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Dealing with disappointment

Expectation vs reality: how to navigate disappointment

Hope or expectation dashed.

How has life treated you so far this year? For most people life is a mix of uneventful days, days of great joy, but then also some days of frustration, disappointment, sadness and other negative experiences.

One of the most difficult consequences of life is disappointment. Disappointments generally occur because an expected outcome or expectation did not realise. A huge amount of resilience is required to bounce back from these setbacks.

If you’re human, other people will inevitably disappoint you or let you down sometimes. Whether it’s a friend cancelling arrangements at the last minute, family members not showing up for an important occasion, a co-worker throwing you under the bus, or a partner not doing what was promised, disappointment is a fact of life.

Time has become increasingly scarce, stress is high, and this puts a strain on relationships. You can’t stop people from acting badly or letting you down, but you don’t allow it derail you from living a happy and successful life.

These strategies may help you recover from your hurt and anger and move forward with confidence:

1. Acknowledge your feeling of disappointment – Being rejected, let down, or betrayed can trigger feelings of sadness, anxiety, or anger. It’s important to acknowledge these feelings, rather than trying to shove them down.

2. Acknowledge your unmet needs – Think about what needs of yours are not being met. Try to disentangle the past from the present. Feel the disappointment of the unmet need, and then ask yourself whether you can accept that need not being met in this situation, or whether you want to do something about it.

3. Selfcare is not selfish – Are there ways you can meet the unmet need for yourself? It is vital not to give up and stew in passive resentment. Ensure your own emotional tank is filled and take responsibility to do so yourself.

4. Would it be productive to speak up about the disappointment? – Knowing that it’s important to pick your battles, think about what the long-term effect will be to speak up or not.

5. Examine your expectations – Think about whether your expectations are reasonable in this situation, and whether the person is capable of doing what you expect. I must confess, my expectations are often higher than what is perhaps reasonable to expect….

6. Open communication: Discuss expectations with others. Clear communication prevents misunderstandings.

7. Journaling: Write down your expectations and compare them to reality. Reflect on the gaps and learn from them.

8. Reaffirm boundaries – If this person has a pattern of disappointing or betraying you, think about what you need to do to protect yourself. Boundaries can help you feel emotionally safe, and they help restore your self-worth and self-respect.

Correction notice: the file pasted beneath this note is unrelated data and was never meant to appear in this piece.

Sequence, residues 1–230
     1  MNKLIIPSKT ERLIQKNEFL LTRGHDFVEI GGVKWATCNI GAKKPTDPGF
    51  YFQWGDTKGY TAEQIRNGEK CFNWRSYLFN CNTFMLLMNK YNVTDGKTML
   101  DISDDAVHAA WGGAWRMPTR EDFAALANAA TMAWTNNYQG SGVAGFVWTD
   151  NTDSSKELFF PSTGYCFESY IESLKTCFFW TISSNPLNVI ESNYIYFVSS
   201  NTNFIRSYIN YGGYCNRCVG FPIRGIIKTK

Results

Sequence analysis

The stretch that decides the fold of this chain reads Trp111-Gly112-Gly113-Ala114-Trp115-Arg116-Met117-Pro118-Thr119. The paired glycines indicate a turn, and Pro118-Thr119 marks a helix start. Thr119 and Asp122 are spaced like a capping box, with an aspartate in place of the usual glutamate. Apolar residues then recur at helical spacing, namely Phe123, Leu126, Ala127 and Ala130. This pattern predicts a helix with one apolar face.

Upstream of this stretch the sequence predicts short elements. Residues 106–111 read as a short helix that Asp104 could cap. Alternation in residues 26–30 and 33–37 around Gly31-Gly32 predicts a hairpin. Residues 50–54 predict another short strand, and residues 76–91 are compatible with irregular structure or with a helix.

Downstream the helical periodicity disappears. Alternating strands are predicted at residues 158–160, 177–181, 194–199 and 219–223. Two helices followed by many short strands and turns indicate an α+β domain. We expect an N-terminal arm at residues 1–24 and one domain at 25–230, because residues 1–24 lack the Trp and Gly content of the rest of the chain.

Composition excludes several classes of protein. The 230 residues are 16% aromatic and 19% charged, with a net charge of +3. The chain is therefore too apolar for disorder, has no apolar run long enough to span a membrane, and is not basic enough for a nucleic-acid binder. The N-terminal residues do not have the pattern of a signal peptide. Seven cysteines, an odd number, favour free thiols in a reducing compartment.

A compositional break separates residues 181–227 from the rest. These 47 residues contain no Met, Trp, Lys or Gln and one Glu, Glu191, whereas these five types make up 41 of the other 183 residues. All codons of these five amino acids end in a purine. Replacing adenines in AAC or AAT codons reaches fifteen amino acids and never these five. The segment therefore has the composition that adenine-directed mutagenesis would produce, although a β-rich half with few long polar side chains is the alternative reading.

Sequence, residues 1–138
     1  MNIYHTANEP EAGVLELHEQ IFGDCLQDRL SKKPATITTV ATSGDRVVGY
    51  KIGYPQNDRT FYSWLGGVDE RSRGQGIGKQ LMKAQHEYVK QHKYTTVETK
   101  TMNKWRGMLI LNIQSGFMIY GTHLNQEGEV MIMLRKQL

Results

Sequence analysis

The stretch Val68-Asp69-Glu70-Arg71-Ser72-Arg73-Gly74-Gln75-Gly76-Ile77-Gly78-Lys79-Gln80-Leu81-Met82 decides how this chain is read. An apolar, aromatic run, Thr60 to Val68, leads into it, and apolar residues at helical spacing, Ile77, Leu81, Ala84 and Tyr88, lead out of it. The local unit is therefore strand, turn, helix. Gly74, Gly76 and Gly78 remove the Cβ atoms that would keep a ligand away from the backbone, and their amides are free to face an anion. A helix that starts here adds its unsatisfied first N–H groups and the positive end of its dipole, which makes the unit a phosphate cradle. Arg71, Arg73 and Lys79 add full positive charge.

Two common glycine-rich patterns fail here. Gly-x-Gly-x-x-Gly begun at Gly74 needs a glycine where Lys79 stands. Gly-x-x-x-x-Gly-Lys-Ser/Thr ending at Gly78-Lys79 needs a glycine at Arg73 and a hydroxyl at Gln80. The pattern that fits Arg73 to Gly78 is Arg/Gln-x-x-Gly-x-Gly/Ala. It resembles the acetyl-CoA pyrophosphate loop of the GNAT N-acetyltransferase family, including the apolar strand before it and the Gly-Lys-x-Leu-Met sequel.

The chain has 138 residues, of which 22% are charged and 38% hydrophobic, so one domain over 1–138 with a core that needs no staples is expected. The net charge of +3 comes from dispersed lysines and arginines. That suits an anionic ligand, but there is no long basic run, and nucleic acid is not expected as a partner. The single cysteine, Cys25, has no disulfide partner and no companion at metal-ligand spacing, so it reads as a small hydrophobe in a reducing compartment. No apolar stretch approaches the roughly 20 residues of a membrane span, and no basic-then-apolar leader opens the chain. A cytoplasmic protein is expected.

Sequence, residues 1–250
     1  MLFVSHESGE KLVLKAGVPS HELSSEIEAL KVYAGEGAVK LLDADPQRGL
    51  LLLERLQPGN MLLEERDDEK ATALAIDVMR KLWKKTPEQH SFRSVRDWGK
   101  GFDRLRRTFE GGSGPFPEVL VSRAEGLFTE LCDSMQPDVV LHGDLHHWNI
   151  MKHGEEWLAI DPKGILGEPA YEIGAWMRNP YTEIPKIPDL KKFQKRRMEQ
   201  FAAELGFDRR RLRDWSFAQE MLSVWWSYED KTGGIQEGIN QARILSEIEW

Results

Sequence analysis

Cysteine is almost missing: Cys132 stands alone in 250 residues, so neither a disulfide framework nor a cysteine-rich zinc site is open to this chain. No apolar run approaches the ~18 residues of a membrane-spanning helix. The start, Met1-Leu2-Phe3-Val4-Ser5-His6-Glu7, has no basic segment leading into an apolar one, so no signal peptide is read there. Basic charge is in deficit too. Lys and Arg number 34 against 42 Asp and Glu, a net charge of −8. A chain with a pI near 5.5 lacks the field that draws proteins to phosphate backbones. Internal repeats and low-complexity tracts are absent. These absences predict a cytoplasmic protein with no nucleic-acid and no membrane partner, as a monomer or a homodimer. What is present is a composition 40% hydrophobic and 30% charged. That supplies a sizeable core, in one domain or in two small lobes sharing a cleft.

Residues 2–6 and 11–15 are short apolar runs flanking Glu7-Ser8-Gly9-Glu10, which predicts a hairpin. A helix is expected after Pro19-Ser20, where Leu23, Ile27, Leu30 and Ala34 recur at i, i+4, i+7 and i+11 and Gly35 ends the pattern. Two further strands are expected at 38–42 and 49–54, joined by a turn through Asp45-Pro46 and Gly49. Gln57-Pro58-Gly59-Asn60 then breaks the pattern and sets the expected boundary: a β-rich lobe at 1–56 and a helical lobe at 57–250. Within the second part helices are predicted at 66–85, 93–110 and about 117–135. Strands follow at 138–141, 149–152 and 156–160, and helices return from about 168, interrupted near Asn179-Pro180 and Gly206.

Expectations vs. reality—a familiar dichotomy that often leaves us grappling with feelings of disappointment. Whether it’s a dream job, a budding relationship, or a personal goal, the gap between what we expect and what actually unfolds can be vast. So, how do we handle this emotional rollercoaster? Let’s explore the concept and practical ways to bridge that gap.

Some healthy scepticism when it comes to promises helps to view the world realistically.  We also need to learn to not hang on or hang around while we wait for our expectations to be fulfilled by people, time or even events, but to accept that waiting is a natural consequence of life.

Tips to bounce back from a setback

  1. Be kind to yourself. It’s important to address your disappointments, but first you need to take care of you – learn to focus on your internal locus of control (be your own cheerleader)
  2. Learn to see the glass half full, not half empty
  3. Try again, but perhaps somewhat different
  4. Talk to someone you trust – allowing yourself to be vulnerable helps others too.
  5. Take this as a learning experience. Plan your come back
  6. Change your narrative – talk differently about this attempt which didn’t pan out the way you wanted
  7. Get back in the game.
  8. Work on forgiving – others, the world, or yourself.
  9. Don’t feed the problem story
  10. Remember, you are not alone – surround yourself with good people.

You have a choice about how to react, even if you didn’t choose the situation.

  1. Expectation vs. Reality: The Psychology Behind Our Disappointments by Leo, Psychologily
  2. How to manage the expectations vs reality trap in 6 steps by Dr. Chris Mosunic, Calm Blog
  3. Expectations vs. Reality: A Guide to Managing Disappointment, Occo London

More reading

Remember, life’s beauty lies not in perfect alignment but in embracing the unexpected twists and turns. 🌟

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